The Value of the Fine Arts Degree
Our liberating and demanding academics give graduates an optimistic and deliberate mindset. Their experiences here create an appetite for learning, and instill ambitious thinking so that they excel at creative problem solving. Our faculty stress continual practice and production, individual development, and push an exploratory process that embraces original thought. Students develop a clear voice and identity. And our purposeful and stimulating community means grads are poised to make meaningful and fulfilling contributions in the world. All of this helps ensure a very bright future for our graduates.
Who said educated artists are starving artists? The median salary for those graduating with a Bachelor of Fine Arts is comparable to that of other liberal arts graduates, and slightly higher than psychology majors.
Nationally, 80% of recent fine arts graduates work professionally in arts related fields. Compared to 58% of biology majors, 56% of accounting majors, and 53% of engineering majors.
When asked, 75% of recent fine arts graduates report they are “satisfied” or “highly satisfied” with their career choice. This is higher than the satisfaction of lawyers, accountants, financial managers, and high school teachers!
In 2015, 2.3 million people had primary jobs as artists. According to the Bureau of Labor Statistics there was a growth of 185,000 artists between 2005-2015. This growth is on par with the growth of the overall labor force.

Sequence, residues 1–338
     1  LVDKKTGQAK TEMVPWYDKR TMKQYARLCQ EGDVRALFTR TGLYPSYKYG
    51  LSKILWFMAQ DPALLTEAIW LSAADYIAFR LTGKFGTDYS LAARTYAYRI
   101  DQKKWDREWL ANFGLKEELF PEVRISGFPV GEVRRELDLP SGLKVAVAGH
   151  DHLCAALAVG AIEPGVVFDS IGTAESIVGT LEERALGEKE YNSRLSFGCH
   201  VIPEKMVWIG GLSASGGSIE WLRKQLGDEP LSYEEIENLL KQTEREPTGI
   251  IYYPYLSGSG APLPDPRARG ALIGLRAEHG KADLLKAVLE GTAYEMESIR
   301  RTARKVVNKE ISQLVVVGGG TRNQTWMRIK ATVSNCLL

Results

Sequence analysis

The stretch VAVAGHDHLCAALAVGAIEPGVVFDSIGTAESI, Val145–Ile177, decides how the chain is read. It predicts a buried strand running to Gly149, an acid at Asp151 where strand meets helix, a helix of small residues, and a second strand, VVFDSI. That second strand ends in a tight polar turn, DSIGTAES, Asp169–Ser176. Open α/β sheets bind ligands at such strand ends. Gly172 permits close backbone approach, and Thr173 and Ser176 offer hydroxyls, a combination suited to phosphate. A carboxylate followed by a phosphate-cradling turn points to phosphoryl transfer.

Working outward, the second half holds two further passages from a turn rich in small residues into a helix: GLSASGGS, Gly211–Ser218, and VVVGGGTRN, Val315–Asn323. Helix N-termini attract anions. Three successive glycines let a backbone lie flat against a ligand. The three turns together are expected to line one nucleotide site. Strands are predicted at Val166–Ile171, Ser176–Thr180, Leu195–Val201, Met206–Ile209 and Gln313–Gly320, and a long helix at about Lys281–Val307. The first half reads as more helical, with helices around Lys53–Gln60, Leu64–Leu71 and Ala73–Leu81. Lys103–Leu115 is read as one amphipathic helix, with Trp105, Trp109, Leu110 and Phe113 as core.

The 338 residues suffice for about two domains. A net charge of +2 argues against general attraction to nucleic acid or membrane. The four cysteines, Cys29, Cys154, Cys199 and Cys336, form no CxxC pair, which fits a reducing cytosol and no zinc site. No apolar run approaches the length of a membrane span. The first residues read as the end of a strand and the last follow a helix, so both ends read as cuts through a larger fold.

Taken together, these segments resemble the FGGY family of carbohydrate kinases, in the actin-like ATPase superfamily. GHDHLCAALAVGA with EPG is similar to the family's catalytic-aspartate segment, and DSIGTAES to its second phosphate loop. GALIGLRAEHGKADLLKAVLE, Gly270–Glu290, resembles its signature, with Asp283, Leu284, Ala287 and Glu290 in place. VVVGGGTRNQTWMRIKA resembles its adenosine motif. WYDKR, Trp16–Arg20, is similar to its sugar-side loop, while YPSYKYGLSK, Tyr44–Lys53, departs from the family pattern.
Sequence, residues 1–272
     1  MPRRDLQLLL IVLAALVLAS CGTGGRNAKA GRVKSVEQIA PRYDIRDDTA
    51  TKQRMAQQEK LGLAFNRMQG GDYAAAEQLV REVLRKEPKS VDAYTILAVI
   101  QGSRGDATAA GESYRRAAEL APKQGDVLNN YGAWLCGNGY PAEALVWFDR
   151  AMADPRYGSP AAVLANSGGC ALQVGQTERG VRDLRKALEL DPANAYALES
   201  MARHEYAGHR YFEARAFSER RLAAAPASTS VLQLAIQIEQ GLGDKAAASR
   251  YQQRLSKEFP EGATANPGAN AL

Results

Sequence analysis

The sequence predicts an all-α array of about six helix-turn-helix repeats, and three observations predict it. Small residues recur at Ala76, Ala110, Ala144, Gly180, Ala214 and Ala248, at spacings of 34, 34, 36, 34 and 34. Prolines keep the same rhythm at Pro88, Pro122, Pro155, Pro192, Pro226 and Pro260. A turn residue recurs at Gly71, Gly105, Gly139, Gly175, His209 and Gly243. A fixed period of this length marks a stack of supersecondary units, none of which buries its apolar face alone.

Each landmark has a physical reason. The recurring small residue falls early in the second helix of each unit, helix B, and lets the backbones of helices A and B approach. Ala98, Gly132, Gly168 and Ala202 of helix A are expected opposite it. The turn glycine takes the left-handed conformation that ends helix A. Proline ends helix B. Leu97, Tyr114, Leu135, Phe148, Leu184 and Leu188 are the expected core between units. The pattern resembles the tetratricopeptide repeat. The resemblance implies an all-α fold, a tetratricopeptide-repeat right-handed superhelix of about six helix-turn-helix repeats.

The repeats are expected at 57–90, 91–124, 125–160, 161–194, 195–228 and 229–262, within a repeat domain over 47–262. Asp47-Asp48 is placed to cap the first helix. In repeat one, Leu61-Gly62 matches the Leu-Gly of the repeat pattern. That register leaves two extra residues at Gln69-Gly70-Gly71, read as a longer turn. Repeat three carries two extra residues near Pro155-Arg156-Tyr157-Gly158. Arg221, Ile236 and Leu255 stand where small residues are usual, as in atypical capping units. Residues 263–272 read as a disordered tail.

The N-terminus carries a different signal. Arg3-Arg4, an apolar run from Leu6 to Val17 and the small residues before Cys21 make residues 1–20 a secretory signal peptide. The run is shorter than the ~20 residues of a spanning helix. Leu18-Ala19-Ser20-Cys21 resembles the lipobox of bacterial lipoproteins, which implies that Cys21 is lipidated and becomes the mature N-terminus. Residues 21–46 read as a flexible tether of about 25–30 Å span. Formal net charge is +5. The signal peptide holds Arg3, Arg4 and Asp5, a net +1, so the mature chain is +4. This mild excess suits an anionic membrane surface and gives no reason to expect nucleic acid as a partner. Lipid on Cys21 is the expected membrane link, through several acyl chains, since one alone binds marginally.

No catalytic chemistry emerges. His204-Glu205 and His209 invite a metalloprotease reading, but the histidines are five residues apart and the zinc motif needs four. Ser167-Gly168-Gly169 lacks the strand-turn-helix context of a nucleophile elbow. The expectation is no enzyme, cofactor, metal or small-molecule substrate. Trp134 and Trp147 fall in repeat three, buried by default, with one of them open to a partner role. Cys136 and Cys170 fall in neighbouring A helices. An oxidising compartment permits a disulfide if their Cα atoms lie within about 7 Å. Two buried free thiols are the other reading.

A substantial number of fine arts grads now work in interdisciplinary and transdisciplinary ways. This means recent grads are now injecting their finely-honed creativity, research, and applied knowledge in a variety of fields.
1. Daniel Grant, A Fine Arts Degree May be a Better Choice Than You Think, The Wall Street Journal, Novemeber 10, 2013
2. From the 2014 Strategic National Arts Alumni Project (SNAAP) report called: Making It Work: The Education and Employment of Recent Arts Graduates. SNAPP is part of the Indiana University Center for Postsecondary Research.
3. Center for Cultural Innovation for the National Endowment for the Arts, 2016 report.
4. National Endowment for the Art Research Note #103 - June 27, 2011, Artists Employment Projections through 2018. Accessed at arts.gov.